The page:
Some alarming studies have been published in the last decade which show many graduates of American high schools are not prepared for entry-level college coursework. The percentages given in the various studies differ widely, but one found approximately half of all students entering post-secondary institutions (40 percent of those entering four-year colleges and 60 percent of those entering two-year colleges) are required to take remedial courses in math, reading, or both before beginning entry-level college courses.
What makes a student ready for college? Obviously academic experience is key. Students who take more high school courses in English, math, and science have greater success in college and are more likely to complete a college degree. Students with higher ACT and SAT scores also tend to be more successful in college. However, other factors play a role, and more than just academic knowledge is necessary to make a smooth transition to college.
Some non-academic skills critical to scholarly success include time management, goal-setting, and enough self-esteem to believe one is able to do college-level work. Courses on conventional campuses and online college classes both require students to work much more independently, with less supervision and teacher assistance, than do high school courses. Higher-level critical thinking skills are also required.
Studies show fundamental differences in expectations between the standardized tests used in many states to qualify students for high school graduation, and those used by many universities to determine placement in remedial or entry-level coursework. High school graduation tests in math contain items more likely to be open-ended and set in realistic situations, while college admission and placement tests require logic, procedural knowledge, and problem-solving. High school tests also rarely include material beyond first-year algebra, but college tests routinely include material in second-year algebra and trigonometry. In tests of reading, high school tests measure comprehension using multiple choice questions, while college tests assess students' ability to draw inferences and conclusions.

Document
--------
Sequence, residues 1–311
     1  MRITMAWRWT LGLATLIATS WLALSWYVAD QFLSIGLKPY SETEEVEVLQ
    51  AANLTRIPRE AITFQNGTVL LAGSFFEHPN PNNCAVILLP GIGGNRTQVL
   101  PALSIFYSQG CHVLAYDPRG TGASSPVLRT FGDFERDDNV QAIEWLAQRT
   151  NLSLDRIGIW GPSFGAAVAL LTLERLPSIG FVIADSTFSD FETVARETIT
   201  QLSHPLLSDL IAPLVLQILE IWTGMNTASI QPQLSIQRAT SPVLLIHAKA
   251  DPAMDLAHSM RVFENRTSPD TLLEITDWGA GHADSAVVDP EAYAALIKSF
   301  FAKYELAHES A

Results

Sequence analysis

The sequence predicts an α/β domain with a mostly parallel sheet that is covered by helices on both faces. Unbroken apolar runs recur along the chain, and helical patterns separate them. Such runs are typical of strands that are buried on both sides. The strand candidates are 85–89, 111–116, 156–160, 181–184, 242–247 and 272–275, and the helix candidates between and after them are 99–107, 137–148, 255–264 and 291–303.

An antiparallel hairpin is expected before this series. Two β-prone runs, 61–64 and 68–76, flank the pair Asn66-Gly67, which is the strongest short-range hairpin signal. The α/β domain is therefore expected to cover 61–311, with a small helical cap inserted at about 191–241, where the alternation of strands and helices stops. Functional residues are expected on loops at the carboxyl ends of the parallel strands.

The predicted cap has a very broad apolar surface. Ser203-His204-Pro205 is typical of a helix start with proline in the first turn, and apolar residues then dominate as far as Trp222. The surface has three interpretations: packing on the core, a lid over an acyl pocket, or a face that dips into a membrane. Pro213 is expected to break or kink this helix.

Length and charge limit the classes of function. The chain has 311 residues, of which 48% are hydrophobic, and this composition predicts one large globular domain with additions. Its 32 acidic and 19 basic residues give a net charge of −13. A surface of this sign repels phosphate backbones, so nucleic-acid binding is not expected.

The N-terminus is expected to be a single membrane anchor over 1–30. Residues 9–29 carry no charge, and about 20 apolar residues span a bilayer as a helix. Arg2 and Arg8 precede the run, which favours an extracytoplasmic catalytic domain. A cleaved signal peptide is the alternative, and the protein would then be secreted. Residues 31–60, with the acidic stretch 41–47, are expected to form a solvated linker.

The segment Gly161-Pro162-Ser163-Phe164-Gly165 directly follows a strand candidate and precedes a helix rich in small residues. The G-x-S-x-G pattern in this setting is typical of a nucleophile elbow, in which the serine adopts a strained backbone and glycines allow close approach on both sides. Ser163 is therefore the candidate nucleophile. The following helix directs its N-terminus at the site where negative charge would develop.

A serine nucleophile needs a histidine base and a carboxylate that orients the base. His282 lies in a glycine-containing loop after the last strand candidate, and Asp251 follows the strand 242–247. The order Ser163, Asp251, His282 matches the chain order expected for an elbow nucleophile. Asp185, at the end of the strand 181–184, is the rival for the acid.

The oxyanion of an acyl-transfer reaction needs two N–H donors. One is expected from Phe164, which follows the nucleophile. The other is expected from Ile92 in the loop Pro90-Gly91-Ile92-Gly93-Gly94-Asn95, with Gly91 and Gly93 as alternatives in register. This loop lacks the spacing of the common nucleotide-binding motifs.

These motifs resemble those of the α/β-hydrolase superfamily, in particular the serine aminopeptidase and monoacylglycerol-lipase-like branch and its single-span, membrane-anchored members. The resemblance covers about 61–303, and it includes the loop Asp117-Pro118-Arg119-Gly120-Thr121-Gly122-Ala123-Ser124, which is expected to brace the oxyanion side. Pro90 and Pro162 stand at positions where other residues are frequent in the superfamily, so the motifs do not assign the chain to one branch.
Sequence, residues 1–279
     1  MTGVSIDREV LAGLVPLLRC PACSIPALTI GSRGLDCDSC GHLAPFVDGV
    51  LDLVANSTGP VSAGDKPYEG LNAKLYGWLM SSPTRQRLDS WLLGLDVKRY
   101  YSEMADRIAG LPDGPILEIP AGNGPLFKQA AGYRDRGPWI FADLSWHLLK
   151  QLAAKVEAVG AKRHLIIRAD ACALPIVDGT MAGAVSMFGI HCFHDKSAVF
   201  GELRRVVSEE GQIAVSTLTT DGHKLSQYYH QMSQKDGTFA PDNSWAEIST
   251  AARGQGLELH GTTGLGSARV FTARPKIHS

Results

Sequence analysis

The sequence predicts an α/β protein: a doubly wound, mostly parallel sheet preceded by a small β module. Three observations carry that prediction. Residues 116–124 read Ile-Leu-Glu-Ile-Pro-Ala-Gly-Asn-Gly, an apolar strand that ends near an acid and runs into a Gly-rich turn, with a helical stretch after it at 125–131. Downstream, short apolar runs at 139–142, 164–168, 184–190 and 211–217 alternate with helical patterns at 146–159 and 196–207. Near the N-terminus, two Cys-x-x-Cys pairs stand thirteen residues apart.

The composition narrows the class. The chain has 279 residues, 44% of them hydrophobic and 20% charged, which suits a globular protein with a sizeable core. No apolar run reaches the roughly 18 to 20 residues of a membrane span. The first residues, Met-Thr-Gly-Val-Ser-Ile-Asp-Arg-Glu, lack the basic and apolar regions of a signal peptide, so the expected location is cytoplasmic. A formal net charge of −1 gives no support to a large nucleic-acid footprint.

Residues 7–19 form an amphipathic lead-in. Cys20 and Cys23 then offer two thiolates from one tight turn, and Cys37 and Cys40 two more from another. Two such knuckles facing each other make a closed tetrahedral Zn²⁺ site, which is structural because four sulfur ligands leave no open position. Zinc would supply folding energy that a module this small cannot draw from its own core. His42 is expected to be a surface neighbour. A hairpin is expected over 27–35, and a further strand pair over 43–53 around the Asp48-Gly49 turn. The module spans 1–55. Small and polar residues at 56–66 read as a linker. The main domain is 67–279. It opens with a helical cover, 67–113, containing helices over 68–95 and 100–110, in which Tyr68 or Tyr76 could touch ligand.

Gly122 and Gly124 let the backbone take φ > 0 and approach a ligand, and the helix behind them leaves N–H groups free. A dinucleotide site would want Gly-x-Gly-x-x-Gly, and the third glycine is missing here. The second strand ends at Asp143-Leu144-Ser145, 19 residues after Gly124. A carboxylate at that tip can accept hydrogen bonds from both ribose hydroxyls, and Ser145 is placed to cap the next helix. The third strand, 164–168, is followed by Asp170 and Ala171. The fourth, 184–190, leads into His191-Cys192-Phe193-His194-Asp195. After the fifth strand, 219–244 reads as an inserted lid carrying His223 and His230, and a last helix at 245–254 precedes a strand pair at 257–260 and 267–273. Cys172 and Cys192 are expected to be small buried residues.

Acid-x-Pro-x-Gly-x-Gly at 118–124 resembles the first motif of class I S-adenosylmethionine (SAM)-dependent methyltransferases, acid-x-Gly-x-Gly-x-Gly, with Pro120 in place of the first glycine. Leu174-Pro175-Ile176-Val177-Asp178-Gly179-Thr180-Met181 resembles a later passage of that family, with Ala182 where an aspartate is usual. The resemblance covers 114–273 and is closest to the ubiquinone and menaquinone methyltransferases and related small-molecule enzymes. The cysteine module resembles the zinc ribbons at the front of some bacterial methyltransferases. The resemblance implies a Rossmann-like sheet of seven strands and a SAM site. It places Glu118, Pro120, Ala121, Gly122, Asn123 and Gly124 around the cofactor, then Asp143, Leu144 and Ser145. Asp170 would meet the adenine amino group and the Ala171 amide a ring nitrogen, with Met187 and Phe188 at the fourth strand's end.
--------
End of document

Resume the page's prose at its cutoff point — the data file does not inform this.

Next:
There are also significant differences between coursework requirements for high school graduation and for college admission. In many states, students who have taken the courses required for high school graduation haven't met the minimum requirements for college admission.
Many studies have recommended closer collaboration between high school and university curriculum planners so that college-level thinking skills are developed much earlier. Some states are changing their high school graduation requirements to coincide with college entrance requirements, but much more work needs to be done to ensure that consistency nationwide. Efforts are also underway in many communities to encourage more academic rigor in middle school.
Unfortunately, the gap between high school graduation and college readiness isn't one that can be bridged overnight. It will take a concerted effort by educators, lawmakers, universities, and students themselves to make the necessary strides.
This is a guest post by Marina Salsbury. Marina planned on becoming a teacher since high school, but found her way instead into online writing after college. She writes around the Web about everything from education to exercise.